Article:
He’s an iconic designer who has turned his hand to everything from high street fashion to huge housing projects. We spoke to Wayne Hemingway MBE about why Britain is such a creative powerhouse, what the future holds, and why we should be glad it rains so often.
“The world revolves around creativity,” Wayne Hemingway says in the midst of a passionate defence of design and technology teaching in schools. He started the world-famous Red or Dead clothing label from a market stall and is best known as a fashion designer, but he has harnessed his considerable talents for urban, housing, graphic and product design as well.
Creativity is at the heart of what he does, and he believes the UK is the most creative country in the world.
“I think you can prove that in a number of ways. Look at the amount of students being sent here to be taught; we have a fantastic creative system and that helps because if you are educating tens of thousands of people every year you get a nice creative base.
“We have a history of creativity which helps, a kind of store of great music, fashion, art and design for young people to aspire to reach or try to beat. Then look at the number of British designers working around the world – in the automotive industry in Italy or fashion design in France.”
But he also believes there is a much less glamorous component in our creative arsenal – the famous British weather.
“Even in the summer you are not thinking, ‘Let’s head to the beach,’ like an Australian might. You don’t want to toil away in a studio if it’s 30 degrees outside, but we have a very short summer and a very long – and in many places very wet – winter, autumn and spring. People have to make their own fun and one of the things people do is be creative.
“I know when it’s raining outside I am more creative myself. If it’s not pissing it down then I might go for a run or play tennis with the kids, but if it is I will go and work on something.”
Although born in Lancashire and having his family home in Sussex, Hemingway Design is based in Wembley and he says London is a perfect city for designers.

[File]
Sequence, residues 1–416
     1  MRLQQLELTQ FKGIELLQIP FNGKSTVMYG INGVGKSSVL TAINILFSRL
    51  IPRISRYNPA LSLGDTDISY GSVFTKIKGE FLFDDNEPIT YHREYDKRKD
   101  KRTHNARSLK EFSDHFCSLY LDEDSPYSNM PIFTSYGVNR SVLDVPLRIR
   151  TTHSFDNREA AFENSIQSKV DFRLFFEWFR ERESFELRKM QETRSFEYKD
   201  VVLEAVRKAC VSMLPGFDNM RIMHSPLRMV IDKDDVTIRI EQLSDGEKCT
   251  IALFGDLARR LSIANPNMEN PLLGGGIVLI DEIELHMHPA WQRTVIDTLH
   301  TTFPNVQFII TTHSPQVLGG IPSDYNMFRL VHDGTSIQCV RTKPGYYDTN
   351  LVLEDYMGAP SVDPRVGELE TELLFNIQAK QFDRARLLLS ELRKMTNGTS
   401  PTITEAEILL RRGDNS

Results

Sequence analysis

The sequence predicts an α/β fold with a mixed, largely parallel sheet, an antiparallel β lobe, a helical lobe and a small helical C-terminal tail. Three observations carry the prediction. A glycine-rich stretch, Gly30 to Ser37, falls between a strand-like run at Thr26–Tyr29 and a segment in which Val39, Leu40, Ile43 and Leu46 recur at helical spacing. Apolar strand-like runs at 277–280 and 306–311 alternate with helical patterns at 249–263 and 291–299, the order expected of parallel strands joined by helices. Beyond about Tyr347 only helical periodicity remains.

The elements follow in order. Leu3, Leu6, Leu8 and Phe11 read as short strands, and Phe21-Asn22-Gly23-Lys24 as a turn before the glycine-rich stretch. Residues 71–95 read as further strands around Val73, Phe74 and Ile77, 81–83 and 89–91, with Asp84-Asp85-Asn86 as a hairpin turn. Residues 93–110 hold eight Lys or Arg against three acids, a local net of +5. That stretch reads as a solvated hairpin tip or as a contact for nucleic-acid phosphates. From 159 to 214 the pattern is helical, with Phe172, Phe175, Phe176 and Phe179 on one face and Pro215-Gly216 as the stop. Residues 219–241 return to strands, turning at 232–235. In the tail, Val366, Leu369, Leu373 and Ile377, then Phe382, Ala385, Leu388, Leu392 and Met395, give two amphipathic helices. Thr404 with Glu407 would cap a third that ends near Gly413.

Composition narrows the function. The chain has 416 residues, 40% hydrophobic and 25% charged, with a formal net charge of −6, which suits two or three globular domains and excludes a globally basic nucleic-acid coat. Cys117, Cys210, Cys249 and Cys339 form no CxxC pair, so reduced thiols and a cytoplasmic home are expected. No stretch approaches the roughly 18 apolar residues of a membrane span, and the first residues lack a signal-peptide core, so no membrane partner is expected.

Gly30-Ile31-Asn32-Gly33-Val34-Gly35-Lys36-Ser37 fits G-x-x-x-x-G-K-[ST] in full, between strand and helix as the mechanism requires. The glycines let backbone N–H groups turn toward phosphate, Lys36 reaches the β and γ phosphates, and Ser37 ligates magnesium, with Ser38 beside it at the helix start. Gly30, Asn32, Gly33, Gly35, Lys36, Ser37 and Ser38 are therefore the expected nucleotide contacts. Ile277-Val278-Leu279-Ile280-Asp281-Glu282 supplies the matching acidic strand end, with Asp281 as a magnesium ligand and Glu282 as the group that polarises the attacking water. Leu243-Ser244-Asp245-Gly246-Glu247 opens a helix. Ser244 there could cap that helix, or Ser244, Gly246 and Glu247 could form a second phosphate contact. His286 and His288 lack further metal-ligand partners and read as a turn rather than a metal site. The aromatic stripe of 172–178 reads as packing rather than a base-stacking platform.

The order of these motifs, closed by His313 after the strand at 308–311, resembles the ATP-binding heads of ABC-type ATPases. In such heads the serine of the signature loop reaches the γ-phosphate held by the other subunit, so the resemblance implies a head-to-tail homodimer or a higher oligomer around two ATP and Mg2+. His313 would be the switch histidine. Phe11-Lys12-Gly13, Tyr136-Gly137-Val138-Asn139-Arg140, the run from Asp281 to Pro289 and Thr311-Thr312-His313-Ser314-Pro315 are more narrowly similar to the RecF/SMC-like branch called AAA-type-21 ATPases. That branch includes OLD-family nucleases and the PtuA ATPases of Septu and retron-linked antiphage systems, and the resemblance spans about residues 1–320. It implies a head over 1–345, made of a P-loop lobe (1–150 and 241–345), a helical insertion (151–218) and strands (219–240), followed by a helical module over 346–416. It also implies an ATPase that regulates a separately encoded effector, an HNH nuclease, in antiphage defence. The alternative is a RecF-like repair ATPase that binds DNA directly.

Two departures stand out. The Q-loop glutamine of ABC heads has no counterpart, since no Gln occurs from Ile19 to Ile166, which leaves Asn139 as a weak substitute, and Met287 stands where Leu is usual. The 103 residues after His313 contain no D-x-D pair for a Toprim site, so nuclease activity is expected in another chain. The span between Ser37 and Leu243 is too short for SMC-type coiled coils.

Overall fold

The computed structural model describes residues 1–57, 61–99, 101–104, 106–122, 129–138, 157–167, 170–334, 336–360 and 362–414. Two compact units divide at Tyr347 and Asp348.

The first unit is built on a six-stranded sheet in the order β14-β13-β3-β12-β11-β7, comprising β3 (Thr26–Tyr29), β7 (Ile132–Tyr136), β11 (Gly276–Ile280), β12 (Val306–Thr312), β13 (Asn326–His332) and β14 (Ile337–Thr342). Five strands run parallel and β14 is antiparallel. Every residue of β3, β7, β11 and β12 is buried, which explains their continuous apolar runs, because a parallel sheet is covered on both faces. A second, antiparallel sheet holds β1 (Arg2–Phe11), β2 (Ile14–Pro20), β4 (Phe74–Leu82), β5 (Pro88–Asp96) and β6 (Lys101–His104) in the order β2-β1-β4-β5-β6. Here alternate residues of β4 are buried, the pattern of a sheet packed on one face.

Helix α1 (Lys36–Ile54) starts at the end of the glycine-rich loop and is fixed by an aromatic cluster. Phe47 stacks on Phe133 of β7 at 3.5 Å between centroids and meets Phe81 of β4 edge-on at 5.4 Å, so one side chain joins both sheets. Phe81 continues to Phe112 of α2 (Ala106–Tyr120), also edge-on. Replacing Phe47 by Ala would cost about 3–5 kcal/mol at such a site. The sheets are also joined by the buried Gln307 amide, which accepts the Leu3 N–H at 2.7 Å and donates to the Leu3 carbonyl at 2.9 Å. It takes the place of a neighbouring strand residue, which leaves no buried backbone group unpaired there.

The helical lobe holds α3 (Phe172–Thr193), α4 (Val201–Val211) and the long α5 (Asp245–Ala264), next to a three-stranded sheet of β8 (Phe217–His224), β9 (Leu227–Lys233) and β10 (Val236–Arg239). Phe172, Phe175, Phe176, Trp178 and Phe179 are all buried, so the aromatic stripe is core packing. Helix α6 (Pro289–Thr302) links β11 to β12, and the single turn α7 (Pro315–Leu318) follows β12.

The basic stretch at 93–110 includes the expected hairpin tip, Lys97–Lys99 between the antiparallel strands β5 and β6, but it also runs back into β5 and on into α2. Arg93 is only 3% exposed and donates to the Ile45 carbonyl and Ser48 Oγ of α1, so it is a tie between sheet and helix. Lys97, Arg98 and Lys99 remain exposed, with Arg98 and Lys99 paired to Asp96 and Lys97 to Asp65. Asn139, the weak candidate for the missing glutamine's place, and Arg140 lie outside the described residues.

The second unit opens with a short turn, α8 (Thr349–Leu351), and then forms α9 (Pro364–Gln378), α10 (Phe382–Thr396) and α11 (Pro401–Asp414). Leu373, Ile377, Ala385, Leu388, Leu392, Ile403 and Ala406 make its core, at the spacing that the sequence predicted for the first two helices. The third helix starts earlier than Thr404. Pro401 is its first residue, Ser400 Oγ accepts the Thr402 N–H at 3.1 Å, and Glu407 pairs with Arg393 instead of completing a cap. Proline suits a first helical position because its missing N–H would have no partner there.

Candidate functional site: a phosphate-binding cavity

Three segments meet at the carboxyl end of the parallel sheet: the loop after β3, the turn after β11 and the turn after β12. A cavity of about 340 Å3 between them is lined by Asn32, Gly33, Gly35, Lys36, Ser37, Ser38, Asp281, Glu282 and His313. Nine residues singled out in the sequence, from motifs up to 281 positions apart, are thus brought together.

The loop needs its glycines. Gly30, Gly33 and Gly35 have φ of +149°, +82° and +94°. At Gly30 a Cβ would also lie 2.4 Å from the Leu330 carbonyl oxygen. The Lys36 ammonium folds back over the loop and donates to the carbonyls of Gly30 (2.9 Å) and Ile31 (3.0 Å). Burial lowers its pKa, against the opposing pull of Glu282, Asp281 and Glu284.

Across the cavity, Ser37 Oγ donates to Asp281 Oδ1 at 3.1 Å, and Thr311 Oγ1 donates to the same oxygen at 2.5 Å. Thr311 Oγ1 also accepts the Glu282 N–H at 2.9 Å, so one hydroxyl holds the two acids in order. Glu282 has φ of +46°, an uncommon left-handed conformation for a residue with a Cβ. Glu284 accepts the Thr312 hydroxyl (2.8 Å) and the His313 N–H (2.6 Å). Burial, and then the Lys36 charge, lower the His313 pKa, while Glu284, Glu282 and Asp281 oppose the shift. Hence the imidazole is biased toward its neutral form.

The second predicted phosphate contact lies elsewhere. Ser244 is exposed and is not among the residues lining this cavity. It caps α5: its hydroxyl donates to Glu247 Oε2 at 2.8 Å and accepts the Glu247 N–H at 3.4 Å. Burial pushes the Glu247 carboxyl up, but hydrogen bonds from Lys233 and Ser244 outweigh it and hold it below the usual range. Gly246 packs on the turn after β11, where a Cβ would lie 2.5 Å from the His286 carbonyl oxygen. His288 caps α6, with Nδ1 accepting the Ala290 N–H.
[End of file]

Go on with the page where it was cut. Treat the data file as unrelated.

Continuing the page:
“Firstly you’ve got all these hubs going on and you are never far away from what you need. If you are working on a project and you need some help from a graphic designer or a web designer there is always one close by. But also there’s inspiration wherever you go – the architecture, the music, all the things that are
“The London Design Festival is recognised around the world as another reason to bring people to London. It is part of the British creativity brand.
“It needs to grow organically – you need more and more people doing their little bit. These things build up over a number of years. It’s like the Edinburgh Festival – that is now world-renowned but it’s taken years to achieve that. Now it goes from strength to strength and the organisers can trust other people to take bits on and deliver something new.”
As a multi-disciplinarian, he loves the diversity on show at the LDF and believes talent can be applied to whatever challenge comes around.
“Design is just about coming up with ideas that make life a little more enjoyable, palatable or profitable. Design skills are totally transferable.”
With that in mind, it will be fascinating to see what wanders into Wayne’s world next week, next month and next year.
- All we want for Christmas is... Best of the Web!
- A trip to The Greenbrier – a preserved 112,544 sq foot government nuclear bunker
- Dougal Wilson goes behind the scenes of the mischievous Channel 4 idents
- An international cast of creatives chooses the biggest moments of 2017
- Bake Off, legalising weed and Fanta's redesign: highlights from March 2017
- Vogue's new editor and a typeface for pride: a look back at April 2017
- Pantone Colour of the Year 2018 has been announced
- Pentagram partner Natasha Jen shares her most inspirational books
- Why dyslexia makes you a great designer
- Plain packaging and health warnings on food and drink could cost companies hundreds of billions
- Anxy Magazine: The Workaholism Issue explores the impact of working hard versus working compulsively
- Graphic designer John Morgan launches type foundry and art platform, Abyme